Thus the church will follow in the steps of its Lord: Christians will die but should look for the hope of the resurrection (Rev 11:11; Rev 1:5; Rev 2:8–10; Heb. 11:35–12:4). The “breath of life” (Rev. 11:11), which can also be translated “Spirit of life” (Rom. 8:2), alludes to God’s care in Genesis 2:7 (as in John 20:22) and contrasts with the false life imparted in Revelation 13:15. Like Jesus at the beginning of the era of hardship (Rev 12:5), these witnesses are caught up to heaven at its end (Rev 11:12), a sign of vindication and ultimate deliverance (Rev 12:5). In contrast to the “come up here” cited in 4:1, this instance of the phrase is a “rapture”; but in contrast with William Branham's teaching, it occurs immediately preceding the end of the age, not several years before (Rev 11:15).[6]

Quotes of William Branham

It is interesting to note that William Branham completely ignores the references to the Book of Zechariah contained in Revelation 11:4:

Look at them two witnesses in Revelations 11, "I'll give power unto My witnesses, and they'll close the heavens in the days of their prophecy. They'll send plagues upon the earth as they will." There they are, the two witnesses in the last days.
I know modern teaching is that that's the Old and New Testament. That's wrong. That's wrong.
Here's the two witnesses; that's absolutely a return of Moses and Elijah. You notice back there, neither one of them... Moses, he died, but where did he go? He had to raise again. And Elijah was translated even without death. He will have to die, 'cause every mortal has to, so he will have to return back again. And there's the two witnesses.[7]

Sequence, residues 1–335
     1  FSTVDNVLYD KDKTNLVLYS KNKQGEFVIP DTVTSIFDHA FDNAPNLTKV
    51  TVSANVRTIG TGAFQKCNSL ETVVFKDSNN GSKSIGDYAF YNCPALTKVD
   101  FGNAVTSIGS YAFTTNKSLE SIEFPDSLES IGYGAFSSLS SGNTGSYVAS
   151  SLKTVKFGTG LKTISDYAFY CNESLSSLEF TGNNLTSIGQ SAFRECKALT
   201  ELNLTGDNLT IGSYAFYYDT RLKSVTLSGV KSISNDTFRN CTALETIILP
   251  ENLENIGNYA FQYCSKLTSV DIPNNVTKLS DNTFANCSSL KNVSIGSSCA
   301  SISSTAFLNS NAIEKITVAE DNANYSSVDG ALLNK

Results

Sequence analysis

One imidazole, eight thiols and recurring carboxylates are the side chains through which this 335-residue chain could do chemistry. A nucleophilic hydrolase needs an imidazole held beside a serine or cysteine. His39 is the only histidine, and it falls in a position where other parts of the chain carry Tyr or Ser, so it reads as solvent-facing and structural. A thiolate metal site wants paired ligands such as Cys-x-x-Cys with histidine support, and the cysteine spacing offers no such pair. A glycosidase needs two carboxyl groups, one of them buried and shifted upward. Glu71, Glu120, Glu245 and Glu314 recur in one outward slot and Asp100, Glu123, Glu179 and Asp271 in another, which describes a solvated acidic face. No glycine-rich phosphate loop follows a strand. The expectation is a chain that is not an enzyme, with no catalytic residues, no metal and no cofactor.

And they laid on the street for three days and nights. And then at the end of the three and a half days, the spirit of life come into them and they rose up. They had to die like other mortals; they had to do it. And when they killed these two preachers...
They preached against wrong, and they brought fire out of heaven. Who did that? See? They brought plagues out of heaven, and smote the earth as quick as--any time they wanted to. And they brought fire out of heaven. And they stopped the heavens from raining, as long as they wanted to. Who was that? Exactly Moses and Elijah. And there's them two witnesses.[8]
This great thing that is about to happen will carry over to Revelation 11 and pick up those two witnesses, those two prophets, Moses and Elijah, turning the Gospel back to the Jews. We're ready for it. Everything is in order. As the Jews brought the message to the Gentiles, even so the Gentiles will take it right back to the Jews, and the Rapture will come.[9]


  1. The Holy Bible: English Standard Version (Wheaton: Standard Bible Society, 2001), Re 11:3–12.
  2. The Holy Bible: English Standard Version (Wheaton: Standard Bible Society, 2001), Zec 4:2–4, 11–14.
  3. Joyce G. Baldwin, Haggai, Zechariah and Malachi: An Introduction and Commentary, vol. 28, Tyndale Old Testament Commentaries (Downers Grove, IL: InterVarsity Press, 1972), 132.
  4. John L. Mackay, Haggai, Zechariah, Malachi: God’s Restored People, Focus on the Bible Commentary (Ross-shire, Scotland: Christian Focus Publications, 2003), 117.
  5. David J. Clark and Howard A. Hatton, A Handbook on Zechariah, UBS Handbook Series (New York: United Bible Societies, 2002), 146.
  6. Craig S. Keener, Revelation, The NIV Application Commentary (Grand Rapids, MI: Zondervan Publishing House, 1999), 295–296.